Health officials have urged the Government to phase in national screening for bowel cancer or limit coverage to help manage major obstacles.

The advice is contained in documents released to Radio New Zealand under the Official Information Act.

Bowel cancer is the second most common cancer in New Zealand and there is growing demand for national screening. Officials say new cases are expected to increase by 15 percent for men and by 19 percent for women from 2006 to 2016.

They also say current demand for colonoscopies – the main diagnostic test used for bowel cancer – continues to outstrip supply. A total of 39,523 colonoscopies were needed last year to check for symptoms of bowel cancer but just 30,000 were able to be provided at public hospitals.

Officials say there is expected to be a similar increase in demand for the procedures until 2026 and this would be added to once national screening gets the green light from the Government.

As well, at June 2013, 136 people had been waiting 14 days or more for an urgent colonoscopy; 4327 had been waiting 42 or more days for a non-urgent colonoscopy; and 4934 people had been waiting 84 or more days for what is known as a surveillance colonoscopy, where there may be a family history of bowel cancer or other factors.

Officials told former Health Minister Tony Ryall: “Waiting time indicators for urgent colonoscopies in DHBs (district health boards) are improving but nationally the targets are not being reached. There is little movement in the non-urgent waiting times with the national average being below the 50 percent indicator whereby people accepted for a non-urgent colonoscopy receive their procedure within six weeks.”

They said the main constraint to delivering more colonoscopies was insufficient suitably qualified clinicians in the public sector.

A report to Mr Ryall in September last year said it was not known how many colonoscopies were delivered in 2012-13 in the private sector.

“If a bowel screening programme was implemented nationally we anticipate an increase of 23,235 colonoscopies within the first year of the programme (assuming no phasing-in period).”

Decision on national screening a year away

The Government in its last term said a decision on national screening would be made after a pilot screening programme at the Waitemata district health board is completed at the end of 2015.

New Ministry of Health data from the four-year pilot shows that more than 164 people who have taken part in the pilot have been found to have cancer. The ministry says most were found at an early stage when they can often be cured.

The age range screened under the pilot is 50 to 74. The documents said this could be altered under national screening. They also said the positivity rate of a key test used to assess who should be invited for a colonoscopy could be changed.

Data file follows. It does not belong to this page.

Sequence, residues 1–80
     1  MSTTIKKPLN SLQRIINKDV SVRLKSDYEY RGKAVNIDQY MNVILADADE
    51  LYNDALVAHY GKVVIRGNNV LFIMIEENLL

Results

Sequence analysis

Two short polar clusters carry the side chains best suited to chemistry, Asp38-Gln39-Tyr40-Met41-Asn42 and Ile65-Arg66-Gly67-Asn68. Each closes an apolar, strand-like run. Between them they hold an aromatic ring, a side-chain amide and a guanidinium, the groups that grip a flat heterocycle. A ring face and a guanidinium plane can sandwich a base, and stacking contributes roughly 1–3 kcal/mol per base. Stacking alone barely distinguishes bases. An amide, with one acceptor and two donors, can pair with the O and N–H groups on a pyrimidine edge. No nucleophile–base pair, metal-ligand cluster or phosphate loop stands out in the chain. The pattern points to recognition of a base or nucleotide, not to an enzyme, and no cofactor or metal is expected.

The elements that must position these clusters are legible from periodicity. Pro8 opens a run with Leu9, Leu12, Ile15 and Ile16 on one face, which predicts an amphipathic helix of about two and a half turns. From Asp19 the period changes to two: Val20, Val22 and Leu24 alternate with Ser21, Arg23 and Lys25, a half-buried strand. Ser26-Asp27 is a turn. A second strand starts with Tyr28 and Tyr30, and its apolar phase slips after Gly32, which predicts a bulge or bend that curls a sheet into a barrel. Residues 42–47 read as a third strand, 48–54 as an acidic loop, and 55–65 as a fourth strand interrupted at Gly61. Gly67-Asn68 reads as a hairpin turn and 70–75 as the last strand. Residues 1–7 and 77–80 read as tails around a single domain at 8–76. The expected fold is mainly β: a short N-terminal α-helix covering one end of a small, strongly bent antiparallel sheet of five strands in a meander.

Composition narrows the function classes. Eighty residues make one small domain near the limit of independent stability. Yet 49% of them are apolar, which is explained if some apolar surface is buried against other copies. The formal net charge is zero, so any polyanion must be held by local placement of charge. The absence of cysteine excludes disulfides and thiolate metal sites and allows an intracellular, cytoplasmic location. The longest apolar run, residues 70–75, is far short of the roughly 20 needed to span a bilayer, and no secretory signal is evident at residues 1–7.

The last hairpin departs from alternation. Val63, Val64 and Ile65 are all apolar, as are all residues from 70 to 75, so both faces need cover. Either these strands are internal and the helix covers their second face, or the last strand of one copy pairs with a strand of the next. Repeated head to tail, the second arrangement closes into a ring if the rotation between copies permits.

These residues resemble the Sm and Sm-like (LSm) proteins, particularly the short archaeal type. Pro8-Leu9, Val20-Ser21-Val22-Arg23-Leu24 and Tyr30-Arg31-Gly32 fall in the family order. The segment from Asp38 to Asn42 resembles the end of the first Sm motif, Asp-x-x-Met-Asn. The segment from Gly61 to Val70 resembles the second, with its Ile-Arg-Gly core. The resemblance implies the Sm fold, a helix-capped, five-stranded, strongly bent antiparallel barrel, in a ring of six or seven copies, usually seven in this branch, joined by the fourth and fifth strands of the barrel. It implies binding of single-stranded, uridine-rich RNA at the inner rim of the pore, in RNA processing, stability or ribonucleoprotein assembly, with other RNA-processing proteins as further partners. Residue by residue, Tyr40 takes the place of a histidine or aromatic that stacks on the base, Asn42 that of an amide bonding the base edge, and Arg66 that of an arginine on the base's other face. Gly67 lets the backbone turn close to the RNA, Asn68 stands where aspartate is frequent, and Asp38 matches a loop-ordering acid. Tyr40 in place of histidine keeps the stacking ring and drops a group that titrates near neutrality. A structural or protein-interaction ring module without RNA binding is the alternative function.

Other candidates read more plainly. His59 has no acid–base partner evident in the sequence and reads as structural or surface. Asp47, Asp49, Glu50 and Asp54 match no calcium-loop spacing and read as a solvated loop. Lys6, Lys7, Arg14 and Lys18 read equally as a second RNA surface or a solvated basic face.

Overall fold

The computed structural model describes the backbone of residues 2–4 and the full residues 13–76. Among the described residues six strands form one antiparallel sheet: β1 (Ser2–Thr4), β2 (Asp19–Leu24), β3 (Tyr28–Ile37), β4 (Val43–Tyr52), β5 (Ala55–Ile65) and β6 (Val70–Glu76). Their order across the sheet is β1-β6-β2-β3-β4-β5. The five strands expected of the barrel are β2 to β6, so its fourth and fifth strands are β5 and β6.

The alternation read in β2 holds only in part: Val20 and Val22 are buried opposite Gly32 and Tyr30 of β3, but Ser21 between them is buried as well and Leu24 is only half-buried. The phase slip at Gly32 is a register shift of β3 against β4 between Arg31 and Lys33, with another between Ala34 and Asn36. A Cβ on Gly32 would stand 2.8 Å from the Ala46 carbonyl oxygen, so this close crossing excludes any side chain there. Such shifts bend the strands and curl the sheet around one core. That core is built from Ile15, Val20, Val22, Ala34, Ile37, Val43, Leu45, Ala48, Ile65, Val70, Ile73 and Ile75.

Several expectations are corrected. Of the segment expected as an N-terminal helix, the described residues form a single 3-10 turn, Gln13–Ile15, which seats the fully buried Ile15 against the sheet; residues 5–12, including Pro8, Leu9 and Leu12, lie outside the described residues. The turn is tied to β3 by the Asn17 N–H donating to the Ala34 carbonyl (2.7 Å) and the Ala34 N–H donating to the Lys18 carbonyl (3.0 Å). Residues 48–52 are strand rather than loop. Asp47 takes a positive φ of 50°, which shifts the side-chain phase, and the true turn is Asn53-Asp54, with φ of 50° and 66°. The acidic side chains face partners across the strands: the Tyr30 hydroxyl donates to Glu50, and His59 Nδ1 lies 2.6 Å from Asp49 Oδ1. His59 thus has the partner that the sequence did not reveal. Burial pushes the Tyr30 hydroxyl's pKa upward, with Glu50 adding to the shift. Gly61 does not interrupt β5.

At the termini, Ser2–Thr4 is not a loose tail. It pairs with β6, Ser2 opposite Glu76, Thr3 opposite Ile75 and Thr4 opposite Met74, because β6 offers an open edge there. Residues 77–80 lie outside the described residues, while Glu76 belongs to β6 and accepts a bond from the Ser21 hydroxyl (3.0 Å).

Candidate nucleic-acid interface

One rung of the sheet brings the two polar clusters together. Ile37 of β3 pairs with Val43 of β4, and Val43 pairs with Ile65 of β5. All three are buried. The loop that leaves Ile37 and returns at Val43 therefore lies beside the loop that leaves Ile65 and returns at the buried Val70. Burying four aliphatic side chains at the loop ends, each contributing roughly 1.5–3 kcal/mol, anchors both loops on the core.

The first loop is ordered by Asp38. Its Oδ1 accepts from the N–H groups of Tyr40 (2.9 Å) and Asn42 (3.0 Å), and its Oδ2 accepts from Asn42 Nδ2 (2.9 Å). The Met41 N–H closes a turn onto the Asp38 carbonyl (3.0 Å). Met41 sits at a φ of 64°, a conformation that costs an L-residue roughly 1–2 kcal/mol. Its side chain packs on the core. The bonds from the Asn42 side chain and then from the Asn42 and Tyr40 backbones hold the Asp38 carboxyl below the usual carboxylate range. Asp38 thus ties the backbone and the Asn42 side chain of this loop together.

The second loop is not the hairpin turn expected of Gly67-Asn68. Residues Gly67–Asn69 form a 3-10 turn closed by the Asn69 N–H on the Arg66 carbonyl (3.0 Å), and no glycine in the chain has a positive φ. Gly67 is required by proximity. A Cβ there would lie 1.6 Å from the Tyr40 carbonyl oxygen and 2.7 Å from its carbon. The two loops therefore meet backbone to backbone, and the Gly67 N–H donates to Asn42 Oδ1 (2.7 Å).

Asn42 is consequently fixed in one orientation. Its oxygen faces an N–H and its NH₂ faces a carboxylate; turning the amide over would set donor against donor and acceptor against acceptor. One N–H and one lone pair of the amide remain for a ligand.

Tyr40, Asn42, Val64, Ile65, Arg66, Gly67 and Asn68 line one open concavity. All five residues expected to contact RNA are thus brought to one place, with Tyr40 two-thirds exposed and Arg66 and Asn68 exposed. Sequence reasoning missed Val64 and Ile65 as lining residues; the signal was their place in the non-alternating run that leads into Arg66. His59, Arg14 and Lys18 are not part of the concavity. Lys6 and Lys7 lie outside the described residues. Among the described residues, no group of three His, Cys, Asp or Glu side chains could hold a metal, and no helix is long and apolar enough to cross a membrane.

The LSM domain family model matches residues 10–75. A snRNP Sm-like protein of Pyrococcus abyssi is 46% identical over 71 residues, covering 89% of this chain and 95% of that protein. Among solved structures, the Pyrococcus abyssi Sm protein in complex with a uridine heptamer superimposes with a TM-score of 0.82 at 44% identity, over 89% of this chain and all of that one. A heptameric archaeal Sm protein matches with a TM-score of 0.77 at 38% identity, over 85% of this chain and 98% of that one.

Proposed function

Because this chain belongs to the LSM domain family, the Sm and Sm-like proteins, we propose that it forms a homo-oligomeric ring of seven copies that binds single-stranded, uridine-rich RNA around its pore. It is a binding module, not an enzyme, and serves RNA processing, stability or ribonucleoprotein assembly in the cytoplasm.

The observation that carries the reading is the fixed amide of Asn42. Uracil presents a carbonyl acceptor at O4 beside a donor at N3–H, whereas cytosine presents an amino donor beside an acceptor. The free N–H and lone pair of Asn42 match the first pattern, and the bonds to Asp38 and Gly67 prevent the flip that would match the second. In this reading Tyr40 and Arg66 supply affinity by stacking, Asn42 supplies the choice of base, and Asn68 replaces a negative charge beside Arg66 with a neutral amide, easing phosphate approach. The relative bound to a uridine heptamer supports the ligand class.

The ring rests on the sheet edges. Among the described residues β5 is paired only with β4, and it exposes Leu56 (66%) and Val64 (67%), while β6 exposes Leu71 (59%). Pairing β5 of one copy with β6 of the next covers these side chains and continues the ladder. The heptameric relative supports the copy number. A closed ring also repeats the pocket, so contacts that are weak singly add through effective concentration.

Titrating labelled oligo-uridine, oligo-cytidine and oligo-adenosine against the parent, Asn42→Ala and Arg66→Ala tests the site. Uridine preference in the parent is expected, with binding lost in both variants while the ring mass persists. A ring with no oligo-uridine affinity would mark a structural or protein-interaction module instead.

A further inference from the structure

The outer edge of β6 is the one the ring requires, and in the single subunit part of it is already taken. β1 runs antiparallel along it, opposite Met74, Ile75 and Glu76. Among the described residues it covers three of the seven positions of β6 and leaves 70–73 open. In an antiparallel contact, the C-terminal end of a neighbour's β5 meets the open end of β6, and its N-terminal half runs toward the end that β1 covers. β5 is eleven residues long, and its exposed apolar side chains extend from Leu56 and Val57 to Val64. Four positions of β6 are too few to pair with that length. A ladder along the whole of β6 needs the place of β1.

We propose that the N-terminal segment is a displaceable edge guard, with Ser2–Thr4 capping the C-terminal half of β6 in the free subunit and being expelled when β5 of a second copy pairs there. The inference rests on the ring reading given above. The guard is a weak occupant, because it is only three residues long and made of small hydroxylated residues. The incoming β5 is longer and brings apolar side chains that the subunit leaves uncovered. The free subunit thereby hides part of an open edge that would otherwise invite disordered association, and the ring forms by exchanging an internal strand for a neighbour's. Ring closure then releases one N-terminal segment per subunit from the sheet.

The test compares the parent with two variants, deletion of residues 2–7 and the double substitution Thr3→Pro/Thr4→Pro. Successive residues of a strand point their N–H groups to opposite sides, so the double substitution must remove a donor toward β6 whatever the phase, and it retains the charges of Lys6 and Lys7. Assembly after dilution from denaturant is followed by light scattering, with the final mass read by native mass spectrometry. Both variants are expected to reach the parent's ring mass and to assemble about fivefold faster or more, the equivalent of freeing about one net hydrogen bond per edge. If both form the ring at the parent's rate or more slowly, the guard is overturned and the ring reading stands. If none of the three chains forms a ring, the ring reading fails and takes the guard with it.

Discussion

A report said the lead-in time needed for national screening would be a minimum of two to three years.

“This would enable DHBs to plan for colonoscopy capacity and implementation of an agreed service model and IT system. There will be differences in lead-in times between DHBs; a longer period of time would be required to enable all DHBs to be at full capacity, especially when it related to the endoscopy workforce.”

More gastroenterologists and general surgeons would be needed to do the bulk of the colonoscopies. Training numbers had been increased, and an advisory group set up to guide the expanding role of nurses in carrying out less complex colonoscopies.

Officials added that Britain’s National Health Service phased in national screening from July 2006. “The NHS had a phased approach to rolling out bowel screening nationally as it was likely to be more achievable and appropriate than a full roll-out from the start … we would recommend a similar roll-out to that of the NHS.”

Call to bring decision forward

Labour Party health spokesperson Annette King is calling on the Government to bring forward a decision on national screening, saying it would save lives.
The advice to wait until the pilot programme ended in December next year was a reflection of delaying tactics by Mr Ryall, she said.

“I’m hopeful that this minister, with his background, will understand what the medical experts are saying to him.

“But more than that, would want to put at the top of his list in terms of funding and projects a screening programme that could save the lives of New Zealanders.”

A national rollout would need to be done in a phased way, Ms King said.

Caption:A doctor performs a colonoscopy on a patient at a hospital in France. In New Zealand, demand for the procedure that looks for bowel cancer continues to outstrip supply.Photo: REUTERS